Ski Clothing for first (trial) ski trip

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Jul-2012
Verbier_ski_bum
It's tough with skiing as you need to buy quite a lot of stuff before you even know if you like it or not. Gloves, goggles, jacket, pants, thermals, fleeces... But as others said it doesn't always cost a fortune and you don't need to buy a high-tech clothing that is only useful in the mountains. Pants are a tricky thing to buy. If you are really not sure if you are going to continue skiing beyond your first trip, get the cheapest pants you can, heavy insulated with some water resistance. Water proof stufff is usually more expensive and lighter non-insulated shells too. You can alsways invest on these later if you commit. With cheap pants if you don't like skiing you just give them away, discard or do whatever else people do with things they no longer need. Gloves - I am not sure about silk liners, but I would go for a proper waterproof ones, GTX or similar. You don't want to have cold hands, and if your gloves get wet and let water in you will have cold hands and it can realy affect your overall experience. Goggles - you only have one pair of eyes so take a good care of them. Generally you need one pair with interchangeable lenses - for bright sunshine and flat light. Or get one pair of goggles and a pair of mountain-graded sunglasses ("regular" sunglasses don't offer sufficient protection in the mountains). You can use this sunglasses on the beach or anywhere in the summer when it's sunny. There are of course goggles made for most conditions but as always there will be compromises - they are not as good in flat light as a flat-light goggles and don't offer as good protection as goggles made for bright light. Don't buy thick socks. Lightweight, thin merino. You will get better boot fit with thinner socks. Now the most tricky bit - boots. As a first timer you of course will be hiring. So take a good care to walk out of the rental shop with boots that fit you well. Or at least that you can exchange them and don't get stuck with them till the end of your trip if they don't fit. The biggest mistake many first time skiers make is that fully expecting boots being uncomfortable they grab the first pair they are given that doesn't seem tight and they end up with boots too big more often than not, which will affect their skiing and overall experience. You should have just enough room to wiggle your toes but your heels shouldn't be moving.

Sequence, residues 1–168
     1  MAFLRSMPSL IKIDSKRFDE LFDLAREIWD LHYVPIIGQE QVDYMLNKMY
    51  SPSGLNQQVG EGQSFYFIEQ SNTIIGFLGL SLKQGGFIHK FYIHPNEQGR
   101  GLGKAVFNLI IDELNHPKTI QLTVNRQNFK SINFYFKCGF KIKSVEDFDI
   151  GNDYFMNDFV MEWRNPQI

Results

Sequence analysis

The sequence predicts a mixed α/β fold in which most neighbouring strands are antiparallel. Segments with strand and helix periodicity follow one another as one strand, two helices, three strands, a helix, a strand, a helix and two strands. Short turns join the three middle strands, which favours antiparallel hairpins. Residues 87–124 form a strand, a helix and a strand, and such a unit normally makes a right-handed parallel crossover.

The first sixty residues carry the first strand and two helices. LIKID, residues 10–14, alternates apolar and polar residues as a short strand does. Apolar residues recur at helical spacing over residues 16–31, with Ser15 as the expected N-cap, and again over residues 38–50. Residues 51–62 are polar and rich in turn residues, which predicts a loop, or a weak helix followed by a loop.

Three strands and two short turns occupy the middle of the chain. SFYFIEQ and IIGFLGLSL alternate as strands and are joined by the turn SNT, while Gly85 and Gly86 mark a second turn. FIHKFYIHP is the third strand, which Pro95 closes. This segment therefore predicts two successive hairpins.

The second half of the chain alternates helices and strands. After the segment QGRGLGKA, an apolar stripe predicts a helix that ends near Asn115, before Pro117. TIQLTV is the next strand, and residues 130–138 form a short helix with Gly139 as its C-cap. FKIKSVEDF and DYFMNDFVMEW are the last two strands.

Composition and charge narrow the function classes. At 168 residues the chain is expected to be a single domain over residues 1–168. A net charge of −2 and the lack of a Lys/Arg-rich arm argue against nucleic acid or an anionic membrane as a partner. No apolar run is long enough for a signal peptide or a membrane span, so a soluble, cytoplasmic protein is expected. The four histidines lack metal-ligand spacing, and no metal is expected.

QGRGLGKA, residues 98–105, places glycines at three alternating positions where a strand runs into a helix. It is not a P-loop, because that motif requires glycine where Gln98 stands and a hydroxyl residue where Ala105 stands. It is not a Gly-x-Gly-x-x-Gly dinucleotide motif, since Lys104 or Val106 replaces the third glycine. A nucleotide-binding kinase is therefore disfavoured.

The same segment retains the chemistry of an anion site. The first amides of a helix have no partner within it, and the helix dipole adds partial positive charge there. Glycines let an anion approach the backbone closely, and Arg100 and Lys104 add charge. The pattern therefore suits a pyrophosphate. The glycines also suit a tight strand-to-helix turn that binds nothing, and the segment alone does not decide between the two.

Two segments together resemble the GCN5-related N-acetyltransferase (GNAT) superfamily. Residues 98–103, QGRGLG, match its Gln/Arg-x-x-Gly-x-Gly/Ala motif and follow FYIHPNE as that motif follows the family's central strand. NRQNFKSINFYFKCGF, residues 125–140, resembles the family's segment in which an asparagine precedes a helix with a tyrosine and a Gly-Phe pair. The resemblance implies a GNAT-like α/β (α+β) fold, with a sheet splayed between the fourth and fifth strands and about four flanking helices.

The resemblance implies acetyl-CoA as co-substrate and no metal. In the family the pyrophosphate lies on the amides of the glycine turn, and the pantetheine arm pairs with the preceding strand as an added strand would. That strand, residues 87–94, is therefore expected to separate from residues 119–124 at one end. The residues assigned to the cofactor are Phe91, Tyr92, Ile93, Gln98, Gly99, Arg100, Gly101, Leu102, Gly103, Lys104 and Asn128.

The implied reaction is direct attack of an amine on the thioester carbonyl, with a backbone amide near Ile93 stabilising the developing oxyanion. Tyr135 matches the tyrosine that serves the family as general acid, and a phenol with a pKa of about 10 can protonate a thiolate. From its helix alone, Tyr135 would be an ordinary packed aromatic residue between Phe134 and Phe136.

Jul-2012
Verbier_ski_bum
I forgot to add that you should avoid cotton in your base layers - it has zero insulating value and you get cold really quickly once it gets wet from sweat. So leave your cotton T-shirts for apres-ski or at home. The best material for base layers is merino wool, which unfortunately is the most expensive, but for example Iceberg tops can be worn not just for skiing, but for normal casual wear too. Basically your ski clothes have to keep you warm and dry and not restrict your movements.
Jul-2012
AllyG
Verbier_ski_bum, I know you're right and I'm not supposed to but I always wear cotton T-shirts under my thermal tops and ski jacket, and cotton leggings under my ski trousers, because wool or synthetics next to my skin makes me all itchy. I have tried wearing the correct gear but I couldn't stand it for more than about 2 minutes - so I yanked it off and went back to my cottons!

I suppose I may well get colder/hotter/sweatier than other people wearing the correct gear, but so far I have survived (and enjoyed) my ski holidays
Jul-2012
Verbier_ski_bum
Merino shouldn't itch.
Jul-2012
Tony_H
verbier_ski_bum wrote:Merino shouldn't itch.
I rarely agree with Ally, but in this instance I do. Merino is itchy.
Jul-2012
Surfarthur
Yes I am with Ally and Tony on this one, but generally find a good quality merino will not itch badly, more that I need to get used to it. The slight itch is more than worth it for me for the benefits of the merino though. I also find a brand new merino needs to be washed a few times, this helps to reduce the itchiness.
Jul-2012
Bedrock barney
I wear icebreaker merino wool base layers. No itching at all.
Jul-2012
Bandit
Sensitive skinned folks could try Silk.

I get on well with the HH Merino/synthetic mix as it has a flatknit inner. Very durable fabric, washes well and no pilling.

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